Second Daughter, 9

Sorry for the delay, I’ve decided, in this draft, to change some pretty major things, and this is the divergence point, which naturally required a rewrite. Updates might slow down a bit to once every 2 weeks as I slog through them.

~*~*~*~*~*~*~*~*~*~*~

“Pilgrims pack their things,
their faith is commendable.
You stay in taverns.

The ivy that grows outside,
Grows strong because of your care.

~Kaori”

She folds Hensei’s letter into a simple, locked triangle. He will recognize it as a mountain fold, and attaches to it a small, shiny pebble with some string. She writes more letters to the others that were present in town that day, after Kimiyasu reminds her. The tenor places her as a demure young girl taking uncertain steps, yet the humor is in the possibility that she knows more. She hopes they will be well received. Finally she writes a letter to Tsubasa Changfu, the last in the list of names from her Father through Kimiyasu.

“A single swan sings,
Praised by the one watching.
Empty sake cups.

Best to speak of what is known,
To those who would listen most.

~Inaba Kaori”

She folds the letter into a swan, and to it attaches a stick of temple incense. The subtle message shouldn’t scare him off, but perhaps, Kaori hopes, force him to consider whether or not his undue interest in her presents a problem of etiquette. Although… she wouldn’t say he wasn’t handsome…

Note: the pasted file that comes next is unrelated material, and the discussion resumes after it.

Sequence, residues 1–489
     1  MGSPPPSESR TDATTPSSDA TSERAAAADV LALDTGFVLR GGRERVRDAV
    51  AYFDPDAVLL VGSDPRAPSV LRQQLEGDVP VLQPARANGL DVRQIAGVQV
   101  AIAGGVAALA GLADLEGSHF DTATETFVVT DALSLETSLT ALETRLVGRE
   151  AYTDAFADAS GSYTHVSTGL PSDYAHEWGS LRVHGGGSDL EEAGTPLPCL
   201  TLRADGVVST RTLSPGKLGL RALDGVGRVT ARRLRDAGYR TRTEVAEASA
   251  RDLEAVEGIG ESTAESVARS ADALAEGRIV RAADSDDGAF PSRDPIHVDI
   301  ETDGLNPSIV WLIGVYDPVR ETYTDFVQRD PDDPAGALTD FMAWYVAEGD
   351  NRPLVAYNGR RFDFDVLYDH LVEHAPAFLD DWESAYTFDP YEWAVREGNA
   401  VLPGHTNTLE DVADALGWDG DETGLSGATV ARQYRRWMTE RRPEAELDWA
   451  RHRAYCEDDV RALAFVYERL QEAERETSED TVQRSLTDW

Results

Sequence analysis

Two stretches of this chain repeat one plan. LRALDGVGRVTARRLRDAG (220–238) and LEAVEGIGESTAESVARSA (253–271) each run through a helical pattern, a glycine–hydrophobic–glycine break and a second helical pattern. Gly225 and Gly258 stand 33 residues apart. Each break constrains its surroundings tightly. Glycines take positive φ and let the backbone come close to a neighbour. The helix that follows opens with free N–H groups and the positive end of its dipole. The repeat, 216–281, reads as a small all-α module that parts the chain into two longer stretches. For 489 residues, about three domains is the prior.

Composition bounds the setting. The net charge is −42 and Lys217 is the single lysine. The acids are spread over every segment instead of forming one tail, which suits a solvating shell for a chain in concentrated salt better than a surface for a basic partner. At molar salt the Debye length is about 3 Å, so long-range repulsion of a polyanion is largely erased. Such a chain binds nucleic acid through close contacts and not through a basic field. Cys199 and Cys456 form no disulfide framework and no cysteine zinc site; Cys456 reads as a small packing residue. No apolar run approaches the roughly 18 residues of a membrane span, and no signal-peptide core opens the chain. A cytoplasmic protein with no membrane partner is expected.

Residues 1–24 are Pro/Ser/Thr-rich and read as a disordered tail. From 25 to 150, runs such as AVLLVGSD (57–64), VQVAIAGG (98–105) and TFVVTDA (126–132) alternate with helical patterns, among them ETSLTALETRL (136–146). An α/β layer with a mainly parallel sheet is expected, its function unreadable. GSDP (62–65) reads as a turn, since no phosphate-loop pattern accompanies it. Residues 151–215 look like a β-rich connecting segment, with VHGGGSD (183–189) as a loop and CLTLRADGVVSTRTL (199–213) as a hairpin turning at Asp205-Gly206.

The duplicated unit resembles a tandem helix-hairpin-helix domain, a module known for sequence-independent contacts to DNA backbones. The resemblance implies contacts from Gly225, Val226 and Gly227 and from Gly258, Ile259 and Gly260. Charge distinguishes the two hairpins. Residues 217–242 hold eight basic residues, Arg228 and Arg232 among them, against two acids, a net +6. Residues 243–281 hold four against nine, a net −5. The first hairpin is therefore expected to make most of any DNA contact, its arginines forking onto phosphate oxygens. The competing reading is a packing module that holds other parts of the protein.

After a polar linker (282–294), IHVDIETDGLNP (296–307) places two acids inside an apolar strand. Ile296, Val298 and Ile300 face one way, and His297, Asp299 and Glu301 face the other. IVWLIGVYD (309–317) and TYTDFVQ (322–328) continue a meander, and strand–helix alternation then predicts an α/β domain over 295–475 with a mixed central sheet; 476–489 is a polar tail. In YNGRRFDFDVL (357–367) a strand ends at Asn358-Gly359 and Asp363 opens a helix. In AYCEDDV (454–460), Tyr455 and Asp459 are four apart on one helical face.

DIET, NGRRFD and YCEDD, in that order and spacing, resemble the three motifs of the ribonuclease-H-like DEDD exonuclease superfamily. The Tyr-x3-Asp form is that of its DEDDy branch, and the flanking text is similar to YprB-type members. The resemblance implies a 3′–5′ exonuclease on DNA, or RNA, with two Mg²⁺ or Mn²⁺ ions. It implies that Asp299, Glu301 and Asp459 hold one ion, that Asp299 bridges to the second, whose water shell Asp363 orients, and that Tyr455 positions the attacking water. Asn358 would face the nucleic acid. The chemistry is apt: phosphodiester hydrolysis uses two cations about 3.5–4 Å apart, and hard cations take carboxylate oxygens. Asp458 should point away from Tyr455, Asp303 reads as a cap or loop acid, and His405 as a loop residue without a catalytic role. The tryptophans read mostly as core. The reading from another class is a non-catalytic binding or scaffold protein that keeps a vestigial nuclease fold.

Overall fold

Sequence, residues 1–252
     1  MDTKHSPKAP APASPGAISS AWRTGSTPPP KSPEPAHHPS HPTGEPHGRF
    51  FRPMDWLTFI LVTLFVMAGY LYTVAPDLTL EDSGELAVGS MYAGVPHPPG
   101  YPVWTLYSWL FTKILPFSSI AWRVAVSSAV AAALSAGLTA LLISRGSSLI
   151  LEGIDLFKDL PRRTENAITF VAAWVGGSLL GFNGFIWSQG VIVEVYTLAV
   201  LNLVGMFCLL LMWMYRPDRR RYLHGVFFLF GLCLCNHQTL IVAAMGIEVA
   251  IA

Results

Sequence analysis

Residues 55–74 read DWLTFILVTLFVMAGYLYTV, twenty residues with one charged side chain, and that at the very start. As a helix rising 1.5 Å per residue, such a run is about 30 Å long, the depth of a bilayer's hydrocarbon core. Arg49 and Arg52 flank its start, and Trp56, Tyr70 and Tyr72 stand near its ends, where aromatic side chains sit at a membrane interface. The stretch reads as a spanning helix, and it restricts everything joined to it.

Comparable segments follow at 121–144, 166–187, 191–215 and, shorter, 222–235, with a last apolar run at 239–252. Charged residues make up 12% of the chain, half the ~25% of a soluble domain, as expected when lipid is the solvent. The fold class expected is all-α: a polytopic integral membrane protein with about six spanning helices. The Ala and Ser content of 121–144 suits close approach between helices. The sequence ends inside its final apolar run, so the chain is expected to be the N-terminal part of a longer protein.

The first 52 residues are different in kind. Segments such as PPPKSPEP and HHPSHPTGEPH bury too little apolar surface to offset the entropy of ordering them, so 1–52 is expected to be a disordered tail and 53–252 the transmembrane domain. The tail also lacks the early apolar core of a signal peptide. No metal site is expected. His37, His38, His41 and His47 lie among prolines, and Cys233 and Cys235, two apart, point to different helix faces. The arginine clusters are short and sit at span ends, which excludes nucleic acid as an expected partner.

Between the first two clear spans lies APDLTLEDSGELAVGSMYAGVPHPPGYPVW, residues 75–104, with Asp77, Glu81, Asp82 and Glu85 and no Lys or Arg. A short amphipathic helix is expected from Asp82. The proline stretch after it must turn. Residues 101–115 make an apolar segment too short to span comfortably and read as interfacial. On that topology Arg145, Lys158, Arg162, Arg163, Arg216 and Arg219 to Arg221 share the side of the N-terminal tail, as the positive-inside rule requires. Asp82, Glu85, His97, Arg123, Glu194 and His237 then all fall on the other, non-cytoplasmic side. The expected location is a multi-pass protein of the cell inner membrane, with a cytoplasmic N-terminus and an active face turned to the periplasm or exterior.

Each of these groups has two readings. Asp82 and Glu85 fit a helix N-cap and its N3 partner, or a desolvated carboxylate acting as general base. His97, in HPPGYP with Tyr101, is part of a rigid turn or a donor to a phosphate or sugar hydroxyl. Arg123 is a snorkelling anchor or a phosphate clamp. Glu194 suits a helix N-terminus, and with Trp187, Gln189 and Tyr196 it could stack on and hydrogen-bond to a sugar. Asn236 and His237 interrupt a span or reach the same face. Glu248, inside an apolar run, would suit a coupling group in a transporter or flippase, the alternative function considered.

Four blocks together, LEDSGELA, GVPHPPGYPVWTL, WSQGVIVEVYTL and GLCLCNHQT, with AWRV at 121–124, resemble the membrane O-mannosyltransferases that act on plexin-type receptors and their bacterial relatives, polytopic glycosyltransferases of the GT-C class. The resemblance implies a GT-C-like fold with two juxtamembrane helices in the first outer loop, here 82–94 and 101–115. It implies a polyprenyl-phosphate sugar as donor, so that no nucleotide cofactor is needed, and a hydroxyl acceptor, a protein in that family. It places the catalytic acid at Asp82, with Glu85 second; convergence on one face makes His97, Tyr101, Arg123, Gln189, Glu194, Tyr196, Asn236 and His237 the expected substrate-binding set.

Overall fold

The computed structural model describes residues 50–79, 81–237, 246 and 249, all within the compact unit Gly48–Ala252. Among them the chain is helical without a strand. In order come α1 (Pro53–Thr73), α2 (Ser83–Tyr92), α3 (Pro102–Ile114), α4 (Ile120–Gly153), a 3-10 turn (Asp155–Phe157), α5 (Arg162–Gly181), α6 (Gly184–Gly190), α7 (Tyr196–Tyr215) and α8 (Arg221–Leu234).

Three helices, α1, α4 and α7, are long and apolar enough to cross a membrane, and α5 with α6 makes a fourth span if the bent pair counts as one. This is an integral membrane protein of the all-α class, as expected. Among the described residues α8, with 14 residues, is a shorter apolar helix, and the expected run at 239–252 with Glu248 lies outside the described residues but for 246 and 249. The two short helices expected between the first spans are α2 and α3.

“Sister?” Kimiyasu enters. “I waited a few minutes after knocking, but you didn’t respond. Are you all right?”
Kaori turns around. “I’m sorry sister, I was writing letters, I didn’t hear you.”
“Shall I go then? I don’t want to interrupt.” Kimiyasu takes stock of the letters, folded and ready to go. She looks at the one that Kaori was tying. “Purity and loneliness? Is that for Tsubasa Changfu?”
“Is it too obvious?”
“From what Father said of the way he behaved towards you? Not at all. I think you’ve done…” Kimiyasu stops herself from saying surprisingly, “Well.”
“I would hope for excellent. I was unsure if Father had noticed or not, but since he did not respond as I expected, I presumed he hadn’t.”
Kimiyasu smiles at her sister. “We all hope for excellent, and since the only thing I have to go by doesn’t include the verses within, I’m certain you’ve managed to reach it, if not beyond. I hope you weren’t too hard on him though? Certainly the beginning of a correspondence is also the hardest. You want to make sure he is not chastised into sending you letters through our Father.”
Kaori shakes her head. “At least, I don’t believe so. I would certainly hope he doesn’t scare easy, but I have a feeling there’s more steel underneath the silk than Father and I perhaps give him credit for. There’s something about him.”
“Mother said his clothing was off color?”
Kaori pulls back just a touch and squints at her sister. “I didn’t think mother had noticed.” She tilts her head. “Which is silly really, when has Mother not noticed someone’s clothing? It wasn’t upsettingly off, just a couple of shades too light to be appropriate for the season, or his station.”
“As though perhaps he is a little forgetful and left it to bleach in the sun last summer?”
“As though he does not have a wife to choose the correct colors and fashion something for him on a regular basis.”